Tuesday, 31 May 2016

Trudeau's Election reform: who will benefit from it.

It seems that Team Trudeau is now committed to ensuring that 2015 federal election, will be the last election which was conducted under Canada's current voting system. Also known as first-past-the-post (abbreviated as FPTP, 1stP, 1PTP or FPP) voting system, which many countries such as the United States, and Great Britain have used as to electing their government officials. The FPTP voting system is one of the best democratic systems in the world, which requires voters to choose their candidate of their choice, and the candidate who receives more votes than any other candidate wins. There is some criticism of the system, often produces majority governments with the winning party capturing less than a majority of the votes in the federal election. As an example the Liberals took an average of 39.5 per cent of the elected vote count in the 2015 election. The Liberals only won only 184 seats or 54.4 per cent of the 338 seats in the house of commons.

Preferential Ballot (PB) system, is a voting system used to elect a single candidate from a field of more than two candidates. In a PB election, voters will rank every candidate in an order of preference. Every elector would vote for almost every candidate on the ballot, but in a preference order. A candidate can only be elected, only if that candidate can secure more than 50% of the popular vote. Under the PB rules, if no candidate wins with more than 50% of the votes. The candidate that has the least amount of votes is dropped from the ballot. Any elector's who voted for that candidate as 1st preference, would have their second choice candidate be counted instead of their first choice. This process of elimination will continue, until until one candidate reaches the more than 50% majority threshold, not democratic as you think.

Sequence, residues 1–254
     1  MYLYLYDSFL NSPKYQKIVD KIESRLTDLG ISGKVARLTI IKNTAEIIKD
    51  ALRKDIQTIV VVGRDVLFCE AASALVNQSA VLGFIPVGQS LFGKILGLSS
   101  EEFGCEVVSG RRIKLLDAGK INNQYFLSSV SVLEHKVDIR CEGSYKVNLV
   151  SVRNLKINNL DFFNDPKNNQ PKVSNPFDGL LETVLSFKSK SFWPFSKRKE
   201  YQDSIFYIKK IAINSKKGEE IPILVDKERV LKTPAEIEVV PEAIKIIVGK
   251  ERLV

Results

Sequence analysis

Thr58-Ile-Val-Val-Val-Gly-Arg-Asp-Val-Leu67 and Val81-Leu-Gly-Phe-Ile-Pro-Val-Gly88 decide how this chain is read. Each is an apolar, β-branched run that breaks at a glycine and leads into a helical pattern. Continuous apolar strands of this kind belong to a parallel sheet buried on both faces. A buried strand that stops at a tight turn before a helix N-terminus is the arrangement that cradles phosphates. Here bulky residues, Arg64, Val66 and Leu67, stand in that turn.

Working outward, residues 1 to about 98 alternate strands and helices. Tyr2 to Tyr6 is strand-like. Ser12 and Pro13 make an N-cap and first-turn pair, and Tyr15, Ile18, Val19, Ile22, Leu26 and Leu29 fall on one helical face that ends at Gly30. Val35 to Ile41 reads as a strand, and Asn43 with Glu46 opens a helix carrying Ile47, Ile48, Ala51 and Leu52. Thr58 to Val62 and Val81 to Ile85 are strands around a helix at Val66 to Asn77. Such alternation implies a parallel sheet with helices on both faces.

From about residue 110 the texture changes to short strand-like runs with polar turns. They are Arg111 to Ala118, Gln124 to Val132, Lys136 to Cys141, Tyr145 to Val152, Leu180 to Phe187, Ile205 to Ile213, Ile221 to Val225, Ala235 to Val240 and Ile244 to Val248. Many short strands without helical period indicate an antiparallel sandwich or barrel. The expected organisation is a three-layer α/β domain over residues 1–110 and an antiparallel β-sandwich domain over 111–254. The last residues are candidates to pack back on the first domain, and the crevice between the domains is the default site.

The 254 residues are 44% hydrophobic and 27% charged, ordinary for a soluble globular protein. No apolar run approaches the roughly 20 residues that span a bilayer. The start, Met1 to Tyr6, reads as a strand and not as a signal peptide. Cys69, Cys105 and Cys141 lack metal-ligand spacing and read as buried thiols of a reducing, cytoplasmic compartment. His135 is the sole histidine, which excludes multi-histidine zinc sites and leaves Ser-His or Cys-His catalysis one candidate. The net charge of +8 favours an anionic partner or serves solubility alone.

FPTP is Canadian democracy working at it's best. It seems the Liberal government is comparing our Canadian democracy to the American democratic system, when only two of the last ten majority governments elected had more than 50 per cent of the popular vote. The only way it would be possible to have the majority (more than 50%) of the popular vote per winning candidate in every federal election, is to have only 2 major political parties, being listed on the actual election ballots. This two party system is the preferred method by Americans for over hundred years in selecting their elected government officials. Which the two party political party system, does not gives many Canadians not allot of choices to choose their next elected member of parliament. Should I vote Tory or Liberal, this is more like comparing Pepsi to Coca-Cola. What would happen if you wanted Dr. Pepper or wanted to vote for the NDP, instead of voting for a Liberal or a Conservative candidate into office. Now when you add that third party into the equation, you change the majority votes needed to elect a member of parliament down from 50% to just more than 33.33%. Now place a 4th political party like the Bloc Québécois onto the election ballot, the majority need to win that seat in the house of commons now goes down from more than 33.33% to over 25%. To be quite fair, the number of popular votes should be 66% or greater with popular votes in order to have a real majority of the popular vote elected as their MP, not more than 50% to be counted as the majority of votes as suggested by Trudeau and the Liberals in the new proposed Preferential Ballot system. The Liberals and Justin Trudeau strongly believe that the Preferential Ballot system, would restore the trust back in Canada’s Democracy to Canadians.